This article will cover the best chemicals used to keep roots away from sand mound systems. Homes always look more beautiful with trees and plants strategically positioned around it. Trees provide aesthetics, fruits, and shade. Smaller plants make the lawn more inviting especially when there are flowers that add more color and life to the place. However, some homeowners tend to be carried away when it comes to gardening. They keep on planting on their properties without thinking of what the plants are going to do to their sand mound systems. The sand mound system is a special kind of septic system that should be installed into a property with soil having unstable filtration rates. The soil can filter water too quickly or too slowly. So, even If you prefer having your septic system hidden, you have to make do with a sand mounds. Sand mound systems need to correct the filtration rate of the property’s soil to treat the wastewater efficiently. A conventional septic system is installed underground because the soil has a normal filtration rate. The sand mound system has to be elevated or above the ground to enable the built in filters to effectively treat the wastewater.
Just like regular septic systems, sand mound systems are also affected by various factors that you need to be aware of. The sand mound is an elevated septic system that should be covered with construction fabric and a thin layer of topsoil and grass. The construction fabric keeps heat locked in the system, encouraging the resident bacteria to break down the solid waste materials in the wastewater. You should always see to it that the construction fabric is intact especially before winter comes. You have to replace it immediately before the first snowfall because the sand mound system will freeze over if the snow enters it. You also have to make sure that your sand mound system is pumped out regularly to eliminate the accumulated sludge in the tank. If the sludge is not removed regularly, the solid waste particles will flow into the filters and clog the absorption field. This will result to a clogged up sand mound, which will inevitably fail. You would then experience wastewater backups and flooding that would make your household uninhabitable until the problems are resolved.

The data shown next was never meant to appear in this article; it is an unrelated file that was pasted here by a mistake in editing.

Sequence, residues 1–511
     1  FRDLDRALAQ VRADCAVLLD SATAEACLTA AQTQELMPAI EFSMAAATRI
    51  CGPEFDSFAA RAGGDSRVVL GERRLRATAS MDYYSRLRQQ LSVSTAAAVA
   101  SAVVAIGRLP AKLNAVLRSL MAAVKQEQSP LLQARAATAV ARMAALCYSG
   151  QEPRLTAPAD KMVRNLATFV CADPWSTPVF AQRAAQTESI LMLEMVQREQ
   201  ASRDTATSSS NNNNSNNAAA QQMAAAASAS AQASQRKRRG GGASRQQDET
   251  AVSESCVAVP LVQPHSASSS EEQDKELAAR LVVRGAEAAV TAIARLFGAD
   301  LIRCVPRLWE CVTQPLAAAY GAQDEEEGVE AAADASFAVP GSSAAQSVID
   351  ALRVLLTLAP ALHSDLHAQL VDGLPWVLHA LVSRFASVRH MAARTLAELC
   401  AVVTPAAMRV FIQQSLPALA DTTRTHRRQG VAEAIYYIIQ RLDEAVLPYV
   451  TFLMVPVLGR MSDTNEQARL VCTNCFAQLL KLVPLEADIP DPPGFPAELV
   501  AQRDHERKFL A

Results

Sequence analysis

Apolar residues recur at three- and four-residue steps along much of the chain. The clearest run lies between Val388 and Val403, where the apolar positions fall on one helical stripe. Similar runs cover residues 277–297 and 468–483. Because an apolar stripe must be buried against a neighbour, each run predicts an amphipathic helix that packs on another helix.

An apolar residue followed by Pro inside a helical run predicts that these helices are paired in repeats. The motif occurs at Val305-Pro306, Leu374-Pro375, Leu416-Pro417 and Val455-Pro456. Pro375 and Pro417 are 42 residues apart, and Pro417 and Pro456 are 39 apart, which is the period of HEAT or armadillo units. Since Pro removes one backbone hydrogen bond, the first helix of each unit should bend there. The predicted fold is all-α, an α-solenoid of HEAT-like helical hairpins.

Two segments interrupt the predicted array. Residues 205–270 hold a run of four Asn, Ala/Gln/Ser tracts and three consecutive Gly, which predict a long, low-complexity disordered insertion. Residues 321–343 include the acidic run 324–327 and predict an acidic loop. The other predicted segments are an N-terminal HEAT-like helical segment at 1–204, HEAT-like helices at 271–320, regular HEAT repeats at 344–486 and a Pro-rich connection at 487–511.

Another way to maintain your sand mound system is to avoid dumping grease and non-biodegradable materials into your drains and toilets. These substances cannot be digested by the resident bacteria so they just stay in the sand mound septic tank and block the normal wastewater treatment flow. Harsh chemicals from regular house cleaning products kill off the resident bacteria. Yu should just opt for eco-friendly cleaning products that are safe for the sand mound system. It would also help you sand mound if you divert the rain gutter away from it so that the runoff will not add to the wastewater in your sand mound. Once the runoff seeps into the mound, the wastewater will be pushed back into your home and onto your property. This is definitely not a situation you would want to tolerate. Wastewater will flood your bathroom and basement. The toxic, untreated wastewater will be unsafe for you and your entire household.
Removing and preventing hardwood plant roots from penetrating the sand mound system is also an ideal move. It is true that plants and trees beautify your surroundings but if they are positioned too near your sand mound, the roots will invade your system and cause blockage and eventual system failure. If you think that the roots have already established themselves in your sand mound, you should call the septic experts in your area to pull them out mechanically. After this, they would have to consider chemicals used to keep roots away from sand mound systems. Choosing the right root killer for the job can be challenging especially when there are many products out there. Talk to your local septic expert for the right root killer for the job. With regular treatments, your sand mound system will remain root-free for a very long time.